Posted by: kevinliebl | December 23, 2009

Don’t Worship a Hero, Become One.

Lincoln MonumentIt is easy to sit back and point to individuals who have accomplished great things and turn them into mythical legends.  We tend to do this throughout our careers.  It can be as simple as the sales guy in the northeast region who closed the company’s largest deal last quarter, or it can be the captain of the industry who turned around the failing company to create a market leader.

In business, we continue to find excuses for missing our goals.  We point to the lack of leadership within the company.  We point to the individual within the company who is a roadblock to success.  We remember companies we have worked for who had great teams and great leaders and wonder why we don’t have the same in our current company.  We look to leading companies in our market and wish for similar opportunities.  It is easy to find a reason to give up and simply go through the motions without really trying.

It is far easier to point to someone else who has reached an accomplishment and convince yourself that they are a brilliant strategist, entrepreneur and/or leader, than to simply believe that they worked exceptionally hard to reach their goal.

If we believe that they were no better skilled than any of us, then we have to admit that we simply are not trying hard enough.  That is an uncomfortable thought for many of us.  The ironic fact is that often when we meet the leaders within our industry, we are let down by how “ordinary” they are.  In many cases, they are less than ordinary.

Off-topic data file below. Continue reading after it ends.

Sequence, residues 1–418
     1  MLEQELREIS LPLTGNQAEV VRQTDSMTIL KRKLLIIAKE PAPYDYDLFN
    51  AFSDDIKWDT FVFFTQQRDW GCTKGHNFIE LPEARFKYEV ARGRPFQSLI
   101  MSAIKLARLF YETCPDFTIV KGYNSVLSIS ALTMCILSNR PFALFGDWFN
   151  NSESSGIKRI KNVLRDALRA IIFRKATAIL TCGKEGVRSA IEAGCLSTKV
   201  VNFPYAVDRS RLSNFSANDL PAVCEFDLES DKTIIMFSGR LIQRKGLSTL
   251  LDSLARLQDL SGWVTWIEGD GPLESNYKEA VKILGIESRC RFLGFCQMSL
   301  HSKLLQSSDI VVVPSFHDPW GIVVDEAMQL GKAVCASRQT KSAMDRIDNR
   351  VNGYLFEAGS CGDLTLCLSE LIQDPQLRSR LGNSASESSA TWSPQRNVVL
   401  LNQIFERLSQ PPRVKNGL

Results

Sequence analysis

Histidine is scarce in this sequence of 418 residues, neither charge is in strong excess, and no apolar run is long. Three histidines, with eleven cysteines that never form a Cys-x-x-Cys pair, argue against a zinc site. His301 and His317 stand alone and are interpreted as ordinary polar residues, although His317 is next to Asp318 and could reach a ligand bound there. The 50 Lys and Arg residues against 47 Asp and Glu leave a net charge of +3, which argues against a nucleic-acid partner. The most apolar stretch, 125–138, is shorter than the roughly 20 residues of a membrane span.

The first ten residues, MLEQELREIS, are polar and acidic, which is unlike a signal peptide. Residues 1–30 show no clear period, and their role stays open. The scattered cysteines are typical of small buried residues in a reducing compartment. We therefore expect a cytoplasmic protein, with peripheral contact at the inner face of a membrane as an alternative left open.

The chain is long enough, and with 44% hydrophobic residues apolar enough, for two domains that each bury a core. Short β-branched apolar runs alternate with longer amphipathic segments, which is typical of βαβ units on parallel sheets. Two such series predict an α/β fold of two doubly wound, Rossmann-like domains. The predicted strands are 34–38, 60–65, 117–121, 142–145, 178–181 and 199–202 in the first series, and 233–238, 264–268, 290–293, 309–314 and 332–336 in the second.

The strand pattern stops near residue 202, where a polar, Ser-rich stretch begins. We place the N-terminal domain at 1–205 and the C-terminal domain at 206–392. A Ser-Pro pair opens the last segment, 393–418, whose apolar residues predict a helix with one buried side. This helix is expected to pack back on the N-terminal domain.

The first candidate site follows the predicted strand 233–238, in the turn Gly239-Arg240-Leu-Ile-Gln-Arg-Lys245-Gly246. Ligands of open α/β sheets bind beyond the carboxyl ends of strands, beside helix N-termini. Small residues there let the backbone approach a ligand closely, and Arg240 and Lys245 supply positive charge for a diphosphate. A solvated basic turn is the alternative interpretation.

There is a famous quote by Marianne Williamson where she explains that we are more afraid of our ability to succeed than our ability to fail, “…it is our light, not our darkness that most frightens us.  Our deepest fear is not that we are inadequate.  Our deepest fear is that we are powerful beyond measure….”

What would happen if we stepped out and attempted those great things?  Rather than complaining that no one is leading the critical team at the office or tackling the nightmare challenge, why not step up and own it yourself?  What is the worst thing that would happen?  Would it be more terrifying for you to fail or to succeed?  If we are honest with ourselves, in many cases success is more intimidating than failure.  Failure means that we are right where we started.  Success means that people will be looking to you to succeed again on the next challenge.

Most of us have people in business that we admire.  They may be famous for being the CEO of a successful company.  They may be known for being an entrepreneur and changing an industry.  They may have led a new industry trend such as social media.  The common denominator is that they had a vision and the passion to work hard to achieve it.  The other common element is that most of them failed several times before they succeeded.

Rather than worshiping a hero, step out and become one…

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Responses

  1. Kevin,

    Your article is a wonderful glimpse into the world of the maverick. John Mellancamp said it best (paraphrased): “Most people who try something new would be successful, but they just give up too soon.”

  2. I enjoyed reading your article. It really inspires every one who reads this article. I have also shared this with my team today.

  3. Thanks for the this timely message in your article, in order to understand what it takes to be great, experience, hard work and desire to fulfill your ambitions.

    There is no replacement for those who watch or read about it, rather than take the challenge head on and extend themselves to greatness.


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